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Fall vs spring planting - fruit trees

Posted by farmer-fleming 7 (My Page) on
Wed, Oct 9, 13 at 23:46

I'm certain we're going to have a bad winter this year. The squirrels are picking the pecans green & other things as well! I was wondering if I should order my fruit trees now or plant them in the spring? Would they survive a harsh winter? Don't want to waste my time or money... Any thoughts? I live in SC, zone 7. Thanks!

Follow-Up Postings:

RE: Fall vs spring planting - fruit trees

For plants that have no trouble with cold temperatures I like to plant in the fall. I haven't noticed any difference between dormant bare root fruit trees/bushes and actively growing container grown plants - they both have done fine. For plants that are more tender, where I am on the edge of where they should be growing, I like to buy them in the fall but pot them up in a larger pot and protect them over the winter and plant them in the Spring.

I have had many tender fruit trees do fine in the Fall, make it all the way through Winter, start to sprout in the Spring and die sometime in March. I never seem to lose them in the bad weather, only when they are just starting to look happy.

RE: Fall vs spring planting - fruit trees

I have around 100 different fruit trees all less than about 7 years old and most planted in the fall. It's definitely better to plant in the fall than in the spring. Peaches, apples, cherries, nectarines, pears, plums. All better in the fall. I tried pomegranates and a couple service trees, but they perished within a year of planting. Not sure the pomegranates were ready for the ground, but that's how they were advertised and I treated them the same as the others. Tried figs both mail order and from Lowe's and none of them worked out in the open. I'll keep trying them with cuttings I'm taking myself from neighbors.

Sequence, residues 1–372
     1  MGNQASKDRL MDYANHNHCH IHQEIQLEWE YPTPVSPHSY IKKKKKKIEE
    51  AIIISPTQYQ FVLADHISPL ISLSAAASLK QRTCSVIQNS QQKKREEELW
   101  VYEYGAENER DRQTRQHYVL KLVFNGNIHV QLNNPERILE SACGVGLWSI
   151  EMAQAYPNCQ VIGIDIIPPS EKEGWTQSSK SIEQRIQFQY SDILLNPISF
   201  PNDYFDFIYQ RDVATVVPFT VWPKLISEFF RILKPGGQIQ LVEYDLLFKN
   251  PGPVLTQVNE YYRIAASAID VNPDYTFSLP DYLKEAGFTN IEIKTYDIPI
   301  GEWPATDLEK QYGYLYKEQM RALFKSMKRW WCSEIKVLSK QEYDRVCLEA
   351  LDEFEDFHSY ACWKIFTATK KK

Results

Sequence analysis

Benefit to planting in the fall is that the roots are growing even if the tops aren't doing anything. The tops will start putting out red/dark brown growth in late January into February and leaves later on when they're supposed to. I've only lost a few other trees, two cherries last summer because they flooded the weekend we had 10 inches of rain here. But that's rare and the rest of the trees in the immediate area were fine. One apple elsewhere because of all the rain and probably weak root system. But all else look good. I even had a couple crabapples and pears this summer that the deer got before I could. One of these days I'll be busy... :-)

Stark Bros, One Green World (Pacific NW nursery), and Willis Orchard Co. (southern GA) are my favorites to mail order fruit trees from. All quality products for the most part, all packaged well. I like Miller nursery as well for their berry plants. And I just tried to go to their website and it says they're merging with Stark Bros, so that tells me they really did have a quality product. I hope that's what that means. :-)

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